Experts believe The Argyle Violet is sure to attract offers of $1 million to $2 million per carat at Argyle’s annual tender. That would put its selling price somewhere between $2.8 million and $5.6 million.

Argyle Pink Diamonds manager Josephine Johnson said, “We are very excited to announce this historic diamond ahead of our Tender launch. This stunning violet diamond will capture the imagination of the world’s leading collectors and connoisseurs.”

Credits: Images courtesy of Rio Tinto.

Jewelry Remains the Top Gift-Giving Category for Mother’s Day; Spending to Exceed $4.2 Billion

Americans will be spending more than $4.2 billion on jewelry gifts for their moms this Mother’s Day, according to survey results just released by the National Retail Federation. That dollar amount places “jewelry” at the top of all gift categories — a place it has occupied for four of the past five years.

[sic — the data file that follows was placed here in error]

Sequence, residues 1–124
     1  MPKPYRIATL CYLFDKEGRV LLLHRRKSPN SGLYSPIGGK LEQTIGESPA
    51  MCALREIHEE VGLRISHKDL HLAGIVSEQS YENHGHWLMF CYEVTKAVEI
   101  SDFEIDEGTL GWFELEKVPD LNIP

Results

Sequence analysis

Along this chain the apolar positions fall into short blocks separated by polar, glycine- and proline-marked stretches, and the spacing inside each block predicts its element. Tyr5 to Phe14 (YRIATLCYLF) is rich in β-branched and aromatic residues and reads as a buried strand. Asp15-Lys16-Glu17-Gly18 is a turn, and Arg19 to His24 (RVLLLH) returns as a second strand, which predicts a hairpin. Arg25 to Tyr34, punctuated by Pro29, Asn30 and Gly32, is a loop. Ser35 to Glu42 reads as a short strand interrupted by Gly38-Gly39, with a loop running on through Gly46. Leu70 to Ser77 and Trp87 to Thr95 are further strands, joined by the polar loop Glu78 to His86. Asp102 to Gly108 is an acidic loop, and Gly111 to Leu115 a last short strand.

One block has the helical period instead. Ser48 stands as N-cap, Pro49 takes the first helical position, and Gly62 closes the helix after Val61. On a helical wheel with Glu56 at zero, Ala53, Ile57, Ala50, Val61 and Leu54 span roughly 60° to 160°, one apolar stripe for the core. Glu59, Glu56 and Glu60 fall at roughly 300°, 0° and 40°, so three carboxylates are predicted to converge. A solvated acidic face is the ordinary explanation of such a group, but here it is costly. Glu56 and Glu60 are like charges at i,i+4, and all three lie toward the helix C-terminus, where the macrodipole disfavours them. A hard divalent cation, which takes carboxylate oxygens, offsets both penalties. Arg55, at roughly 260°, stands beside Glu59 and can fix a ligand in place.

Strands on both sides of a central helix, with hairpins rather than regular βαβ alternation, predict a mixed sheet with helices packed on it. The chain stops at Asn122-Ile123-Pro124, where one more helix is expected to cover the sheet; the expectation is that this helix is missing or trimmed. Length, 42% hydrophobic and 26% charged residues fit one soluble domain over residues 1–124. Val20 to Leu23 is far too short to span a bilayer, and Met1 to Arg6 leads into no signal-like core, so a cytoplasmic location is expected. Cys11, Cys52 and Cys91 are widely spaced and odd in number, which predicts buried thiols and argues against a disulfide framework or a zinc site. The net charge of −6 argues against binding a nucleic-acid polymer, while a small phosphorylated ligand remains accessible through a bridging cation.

Adult daughter giving to her mother gift for Mother's Day while

The survey revealed that 35.4% of adults have jewelry on their Mother’s Day shopping lists this year, up from 34.2% in 2015 and 31.7% in 2014. Nearly four in 10 men (39.2%) plan to purchase a jewelry item for the special moms in their world, while 31.7% of woman plan to do the same.

The average cost of a Mother’s Day jewelry gift will be $95.71, with men expecting to spend $117.79 and women $69.82.

Total Mother’s Day gift spending is expected to reach $21.4 billion in 2016, up slightly from $21.2 billion in 2015. Overall, men will spend $197.77 on Mother’s Day gifts this year, while women will spend $147.99.